And Shakespeare? He, indeed, is not to be classed, and timed, and treated as one amongst others,—he, who might well be the daily bread of the intellectual life; Shakespeare is not to be studied in a year; he is to be read continuously throughout life, from ten years old and onwards. But a child of ten cannot understand Shakespeare. No; but can a man of fifty? Is not our great poet rather an ample feast of which every one takes according to his needs, and leaves what he has no stomach for? A little girl of nine said to me the other day that she had only read one play of Shakespeare’s through, and that was A Midsummer Night’s Dream. She did not understand the play, of course, but she must have found enough to amuse and interest her. How would it be to have a monthly reading of Shakespeare—a play, to be read in character, and continued for two or three evenings until it is finished? The Shakespeare evening would come to be looked on as a family festa; and the plays, read again and again, year after year, would yield more at each reading, and would leave behind in the end rich deposits of wisdom. (Mason, 1989e, p. 226)
“The daily bread of the intellectual life…the Shakespeare evening…read again and again”, all these quotes show us how the reading of Shakespeare was a habit to be continued and enjoyed throughout life. And while there were only 21 plays mentioned in the programmes, Mason refers to most all the other plays in her six volumes and other writings, albeit not Titus Andronicus. She held Ambleside evenings where the community and college students gathered to read through plays, although I don’t know which titles were read. But there certainly are plays that she favored for her programmes and these were not always Shakespeare’s most popular titles. I think these findings help illuminate that. Clearly, the object was not to read through as many plays as possible.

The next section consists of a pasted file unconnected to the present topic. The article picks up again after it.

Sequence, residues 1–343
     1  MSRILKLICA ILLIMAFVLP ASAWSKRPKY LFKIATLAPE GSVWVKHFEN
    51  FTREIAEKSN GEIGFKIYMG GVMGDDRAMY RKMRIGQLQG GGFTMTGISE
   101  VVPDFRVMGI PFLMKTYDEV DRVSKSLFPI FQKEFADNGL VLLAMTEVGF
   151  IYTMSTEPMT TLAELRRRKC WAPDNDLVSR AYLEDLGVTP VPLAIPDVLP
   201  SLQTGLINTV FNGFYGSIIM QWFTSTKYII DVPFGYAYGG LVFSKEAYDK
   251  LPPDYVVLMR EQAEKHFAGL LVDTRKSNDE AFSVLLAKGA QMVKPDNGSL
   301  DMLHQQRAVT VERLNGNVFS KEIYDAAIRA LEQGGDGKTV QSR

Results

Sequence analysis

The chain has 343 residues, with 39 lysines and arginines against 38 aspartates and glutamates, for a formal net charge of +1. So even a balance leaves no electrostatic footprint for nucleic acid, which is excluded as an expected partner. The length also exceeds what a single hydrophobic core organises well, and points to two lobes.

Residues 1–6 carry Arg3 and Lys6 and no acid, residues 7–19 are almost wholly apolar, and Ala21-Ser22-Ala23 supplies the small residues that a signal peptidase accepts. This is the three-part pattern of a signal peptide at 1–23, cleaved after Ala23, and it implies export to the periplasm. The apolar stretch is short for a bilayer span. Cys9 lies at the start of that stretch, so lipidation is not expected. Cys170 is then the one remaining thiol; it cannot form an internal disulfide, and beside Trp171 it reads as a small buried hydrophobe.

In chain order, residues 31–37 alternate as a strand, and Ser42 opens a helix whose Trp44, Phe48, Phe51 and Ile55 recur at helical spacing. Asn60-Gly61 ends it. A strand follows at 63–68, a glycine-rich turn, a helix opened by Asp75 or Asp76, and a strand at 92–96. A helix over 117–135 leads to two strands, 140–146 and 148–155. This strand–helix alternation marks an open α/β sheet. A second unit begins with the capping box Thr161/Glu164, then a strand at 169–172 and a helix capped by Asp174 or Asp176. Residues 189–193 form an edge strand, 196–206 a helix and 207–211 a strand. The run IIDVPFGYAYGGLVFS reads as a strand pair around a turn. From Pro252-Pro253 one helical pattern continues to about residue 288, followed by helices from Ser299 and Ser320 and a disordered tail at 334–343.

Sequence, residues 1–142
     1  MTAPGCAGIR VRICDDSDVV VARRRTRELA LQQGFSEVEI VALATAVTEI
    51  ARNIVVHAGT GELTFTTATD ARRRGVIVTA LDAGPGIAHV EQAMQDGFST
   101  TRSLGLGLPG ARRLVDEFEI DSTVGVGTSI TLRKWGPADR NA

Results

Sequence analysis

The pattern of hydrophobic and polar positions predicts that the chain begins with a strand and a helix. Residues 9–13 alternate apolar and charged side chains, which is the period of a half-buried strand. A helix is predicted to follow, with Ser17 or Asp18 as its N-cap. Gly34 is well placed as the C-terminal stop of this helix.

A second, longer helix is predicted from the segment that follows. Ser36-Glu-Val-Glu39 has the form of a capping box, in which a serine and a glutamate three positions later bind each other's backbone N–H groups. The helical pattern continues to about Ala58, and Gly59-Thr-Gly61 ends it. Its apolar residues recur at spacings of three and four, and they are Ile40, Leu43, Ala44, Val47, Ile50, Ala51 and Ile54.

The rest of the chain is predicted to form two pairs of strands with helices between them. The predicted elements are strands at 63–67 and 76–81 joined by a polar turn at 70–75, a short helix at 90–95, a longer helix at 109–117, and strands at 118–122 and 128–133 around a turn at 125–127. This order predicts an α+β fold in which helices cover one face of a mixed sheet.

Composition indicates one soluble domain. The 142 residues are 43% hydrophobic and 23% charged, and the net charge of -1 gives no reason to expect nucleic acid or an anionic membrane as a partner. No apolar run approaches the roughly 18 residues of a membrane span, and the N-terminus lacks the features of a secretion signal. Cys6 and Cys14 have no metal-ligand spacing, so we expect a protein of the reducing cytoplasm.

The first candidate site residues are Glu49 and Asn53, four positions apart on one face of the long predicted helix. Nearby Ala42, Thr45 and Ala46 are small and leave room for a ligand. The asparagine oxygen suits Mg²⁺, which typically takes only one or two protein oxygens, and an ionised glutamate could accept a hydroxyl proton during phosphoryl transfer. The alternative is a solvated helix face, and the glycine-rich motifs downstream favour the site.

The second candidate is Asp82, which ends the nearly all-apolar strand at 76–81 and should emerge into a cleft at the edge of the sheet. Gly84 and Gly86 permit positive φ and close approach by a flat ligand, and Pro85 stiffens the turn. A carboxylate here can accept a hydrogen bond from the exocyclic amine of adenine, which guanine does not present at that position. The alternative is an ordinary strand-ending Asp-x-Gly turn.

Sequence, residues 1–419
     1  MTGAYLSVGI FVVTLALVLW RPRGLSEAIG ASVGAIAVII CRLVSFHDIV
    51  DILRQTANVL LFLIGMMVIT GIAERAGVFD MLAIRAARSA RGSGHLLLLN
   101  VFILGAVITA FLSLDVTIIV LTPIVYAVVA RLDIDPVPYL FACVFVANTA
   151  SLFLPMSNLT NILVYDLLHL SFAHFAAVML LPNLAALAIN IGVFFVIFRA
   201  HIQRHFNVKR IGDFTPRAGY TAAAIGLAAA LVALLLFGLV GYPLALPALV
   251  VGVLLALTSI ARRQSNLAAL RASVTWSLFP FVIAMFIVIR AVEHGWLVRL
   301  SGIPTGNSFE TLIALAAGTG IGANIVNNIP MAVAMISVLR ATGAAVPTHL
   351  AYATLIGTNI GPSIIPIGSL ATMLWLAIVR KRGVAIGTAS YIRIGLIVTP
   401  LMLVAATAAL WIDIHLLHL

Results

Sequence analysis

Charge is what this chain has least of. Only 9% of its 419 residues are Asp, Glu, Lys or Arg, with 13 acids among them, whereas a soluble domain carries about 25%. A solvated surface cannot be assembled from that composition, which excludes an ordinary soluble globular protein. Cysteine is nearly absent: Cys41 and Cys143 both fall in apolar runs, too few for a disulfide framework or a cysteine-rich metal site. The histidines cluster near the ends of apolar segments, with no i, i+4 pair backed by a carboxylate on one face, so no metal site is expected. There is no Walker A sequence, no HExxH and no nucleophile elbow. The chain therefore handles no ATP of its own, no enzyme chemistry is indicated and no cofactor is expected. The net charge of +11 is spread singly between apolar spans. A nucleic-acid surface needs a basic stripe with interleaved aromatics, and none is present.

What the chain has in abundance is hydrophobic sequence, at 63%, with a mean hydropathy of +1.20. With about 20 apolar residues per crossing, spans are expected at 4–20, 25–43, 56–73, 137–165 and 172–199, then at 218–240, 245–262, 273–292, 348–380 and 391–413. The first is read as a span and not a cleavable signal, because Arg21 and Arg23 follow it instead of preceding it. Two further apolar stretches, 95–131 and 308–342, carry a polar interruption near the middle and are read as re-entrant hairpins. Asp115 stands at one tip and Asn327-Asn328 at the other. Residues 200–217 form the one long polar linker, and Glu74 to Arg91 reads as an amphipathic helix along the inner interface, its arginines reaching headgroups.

How nice it would have been to have these answers when I first began with Shakespeare. Yes, we read a few plays that she never assigned, but I don’t live with any Shakespeare regret and we always found good and true things in the plays we did. Did you find any of these results surprising? If these findings help you to make Shakespeare part of the daily bread of your family’s intellectual life and to have more confidence in your play selections, then I am one happy groundling.
Teaching from peace,
(This article first appeared on Charlotte Mason Poetry.)
Chute, M. (1956). Stories from Shakespeare. The World Publishing Company.
Franklin, E. (1909). The home training of children. In The Parents’ Review, volume 20 (pp. 20-26). London: Parents’ National Educational Union.
Mason, C. (1989e). Formation of Character: Shaping the child’s personality. Charlotte Mason Research & Supply. (Original work published 1905)